Good morning, Bulletin readers. In today’s news sweep: A crowd-funding campaign for 3D-printed ammo, new trouble for the NRA’s controversial self-defense insurance, and fresh evidence that red flag laws can disarm volatile gun owners.

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Libertarian gunsmiths hope to skirt federal regulation with a 3D-printed bullet. The Tennessee-based nonprofit gun research collective Atlas Arms (named after the Ayn Rand novel, “Atlas Shrugged,” which gives a sense of its ideology) is raising funds for a home-printed 9mm round meant to circumvent a 1986 law banning the sale of armor-penetrating ammunition. In a promotional release, Atlas Arms argues that because government personnel can use ammo qualifying as armor-piercing, civilians should have access to it, as well. The company says it will work with a “well respected firearms law firm” to submit prototypes to the Bureau of Alcohol, Tobacco, Firearms and Explosives to ensure the product’s legality.

At least three police officers were fatally shot in the United States in five days. On Sunday, Sgt. Wytasha Carter, 44, and his partner were shot after confronting an armed suspect burglarizing cars in downtown Birmingham, Alabama. Carter later died of his wounds. In Saturday’s newsletter, we brought you the stories of two other officers recently felled by gunfire: Natalie Corona, 22, killed last Thursday while responding to a triple-car crash in Davis, California, and Chatéri Payne, gunned down the day before while leaving for work in Shreveport, Louisiana. Both graduated the police academy less than a year ago.

In its first three months on the books, Maryland’s red flag law has led to more than 100 gun seizures. The law, which allows family members and police to petition for the temporary removal of firearms from potentially dangerous people, took effect in October. Since then, Maryland courts have fielded 302 petitions leading to 148 seizures. In four cases, the gun owners were found to pose “significant threats” to schools, said a sheriff who has helped implement the law.

Washington State regulators banned the sale of NRA-backed insurance. Insurance Commissioner Mike Kreidler said Tuesday that the “Carry Guard” self-defense policies violate state law because they insure against illegal activity. Kriedler is also levying fines against two companies involved in underwriting and selling the National Rifle Association-affiliated program in Washington State.

A county prosecutor warned the Pittsburgh City Council against passing any gun laws. In a letter last week, the Allegheny County District Attorney said that the council “does not have the authority” to enact its own gun legislation because of a Pennsylvania law preventing cities and towns from enacting gun laws that are stricter than the state standard. Council members are considering a package of bills that includes an assault weapons ban and a red flag law. In the letter, the district attorney warns that if passed, the legislation would be found unconstitutional. The bill’s sponsor, Councilman Corey O’Connor, says the Council will move forward regardless. Related: After the synagogue shooting, O’Connor vowed to take bold action on gun control, even if it means confronting lawsuits.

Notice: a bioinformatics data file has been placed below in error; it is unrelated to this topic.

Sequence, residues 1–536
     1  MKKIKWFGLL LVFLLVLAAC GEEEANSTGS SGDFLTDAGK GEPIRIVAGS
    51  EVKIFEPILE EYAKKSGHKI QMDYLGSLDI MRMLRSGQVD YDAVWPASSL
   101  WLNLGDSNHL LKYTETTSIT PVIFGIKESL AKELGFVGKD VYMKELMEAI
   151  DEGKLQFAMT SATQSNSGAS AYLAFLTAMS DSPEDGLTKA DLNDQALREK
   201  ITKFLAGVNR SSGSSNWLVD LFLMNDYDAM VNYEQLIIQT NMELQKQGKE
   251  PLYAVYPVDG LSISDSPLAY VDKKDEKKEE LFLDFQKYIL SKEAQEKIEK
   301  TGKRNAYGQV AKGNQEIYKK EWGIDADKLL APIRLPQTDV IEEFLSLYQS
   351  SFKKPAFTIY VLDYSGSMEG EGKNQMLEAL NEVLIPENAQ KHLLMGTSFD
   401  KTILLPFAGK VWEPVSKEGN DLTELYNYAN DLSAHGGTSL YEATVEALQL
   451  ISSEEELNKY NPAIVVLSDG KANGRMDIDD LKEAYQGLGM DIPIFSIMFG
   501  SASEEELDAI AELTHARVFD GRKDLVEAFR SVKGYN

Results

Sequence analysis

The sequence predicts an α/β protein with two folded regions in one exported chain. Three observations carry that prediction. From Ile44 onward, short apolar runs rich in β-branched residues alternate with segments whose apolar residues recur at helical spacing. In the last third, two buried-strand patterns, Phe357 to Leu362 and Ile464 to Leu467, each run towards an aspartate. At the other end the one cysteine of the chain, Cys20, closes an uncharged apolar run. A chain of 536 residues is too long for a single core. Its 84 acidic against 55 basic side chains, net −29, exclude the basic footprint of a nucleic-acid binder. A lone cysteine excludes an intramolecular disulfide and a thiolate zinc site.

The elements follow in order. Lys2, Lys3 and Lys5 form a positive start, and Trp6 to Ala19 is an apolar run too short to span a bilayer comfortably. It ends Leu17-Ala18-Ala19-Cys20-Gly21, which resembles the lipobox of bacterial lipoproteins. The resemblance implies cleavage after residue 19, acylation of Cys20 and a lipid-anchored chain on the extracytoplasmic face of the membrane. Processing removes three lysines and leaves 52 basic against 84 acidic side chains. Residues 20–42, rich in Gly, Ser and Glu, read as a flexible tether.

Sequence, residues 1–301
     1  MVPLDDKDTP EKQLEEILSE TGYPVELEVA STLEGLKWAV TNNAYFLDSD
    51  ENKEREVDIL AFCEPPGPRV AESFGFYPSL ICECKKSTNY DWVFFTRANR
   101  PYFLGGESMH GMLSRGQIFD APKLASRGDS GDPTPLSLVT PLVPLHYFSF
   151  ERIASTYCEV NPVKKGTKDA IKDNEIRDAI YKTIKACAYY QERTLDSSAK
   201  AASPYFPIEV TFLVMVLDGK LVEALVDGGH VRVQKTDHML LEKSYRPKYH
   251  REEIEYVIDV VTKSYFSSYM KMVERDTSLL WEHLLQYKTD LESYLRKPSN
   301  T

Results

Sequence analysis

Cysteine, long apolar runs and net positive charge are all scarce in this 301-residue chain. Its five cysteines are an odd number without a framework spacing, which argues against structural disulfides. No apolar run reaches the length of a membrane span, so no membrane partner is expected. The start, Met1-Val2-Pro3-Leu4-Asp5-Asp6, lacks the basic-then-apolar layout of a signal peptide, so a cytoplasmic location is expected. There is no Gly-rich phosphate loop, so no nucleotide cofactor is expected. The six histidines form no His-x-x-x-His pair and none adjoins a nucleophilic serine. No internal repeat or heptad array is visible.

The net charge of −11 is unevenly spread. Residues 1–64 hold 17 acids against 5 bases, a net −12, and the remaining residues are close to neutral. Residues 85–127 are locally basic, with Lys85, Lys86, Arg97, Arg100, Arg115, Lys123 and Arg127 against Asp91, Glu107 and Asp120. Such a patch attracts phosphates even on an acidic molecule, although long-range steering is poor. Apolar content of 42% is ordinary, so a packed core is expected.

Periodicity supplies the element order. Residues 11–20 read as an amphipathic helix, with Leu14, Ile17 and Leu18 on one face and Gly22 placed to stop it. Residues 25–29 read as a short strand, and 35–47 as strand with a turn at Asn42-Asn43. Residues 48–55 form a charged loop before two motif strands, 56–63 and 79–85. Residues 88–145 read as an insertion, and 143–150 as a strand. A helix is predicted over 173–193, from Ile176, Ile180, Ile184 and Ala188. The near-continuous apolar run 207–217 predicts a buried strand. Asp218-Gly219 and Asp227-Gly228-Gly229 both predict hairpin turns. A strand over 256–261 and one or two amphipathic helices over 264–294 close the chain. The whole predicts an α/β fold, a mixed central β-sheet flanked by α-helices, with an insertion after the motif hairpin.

A Chicago mayoral candidate threatened to sue neighboring states over lax gun laws. At a candidates forum, Gery Chico said he would take legal action against Indiana and Wisconsin if they don’t cut access to firearms. More than half of the crime guns recovered in Chicago come from out of state, with the largest share coming from Indiana, where private sales are not subject to background checks.

A gun rights group is funding a court challenge of the National Firearms Act. The hardline Gun Owners of America is representing a Kansas veteran who was convicted of possessing an unregistered silencer in 2014. The complaint alleges that the National Firearms Act, which was passed in 1934 to stop the proliferation of machine guns and some firearm accessories, is outdated and violates the Second Amendment. From The Trace archives: A history of the National Firearms Act and the gun lobby’s backlash against it. 

A 12-year-old unintentionally shot and killed his younger sister. The boy got a hold of a gun in their New Orleans home on Saturday night and accidentally fired it, hitting his sister, who died. Family members remembered 9-year-old Alisia Williams as a sweet, joyful girl who loved to play dress-up and dance. “Whatever God created Alisia with, I wish he put it down onto every child,” a family member said. Her brother will be charged with negligent homicide. No word on charges for the gun’s adult owners. Alisia is one of more than 100 young people shot so far in 2019. According to Gun Violence Archive, at least 105 children and teenagers have been shot this year.


Hadiya Pendleton’s killer was sentenced to 84 years in prison. The Chicago man was found guilty of firing the shot that killed the 15-year-old, who had performed at Barack Obama’s second inaugural parade a week before the 2013 slaying. The shooting made headlines as young gun violence prevention activists in Chicago and around the country rallied in Pendleton’s memory. Last March, we spoke to Pendleton’s friend Nza-Ari Khepra, who became involved in the anti-gun-violence movement after the tragedy. “I couldn’t understand how this could happen to someone who was such a force of positivity,” she told The Trace. “Her death was such a random act; it propelled me to want to learn more about the issue.”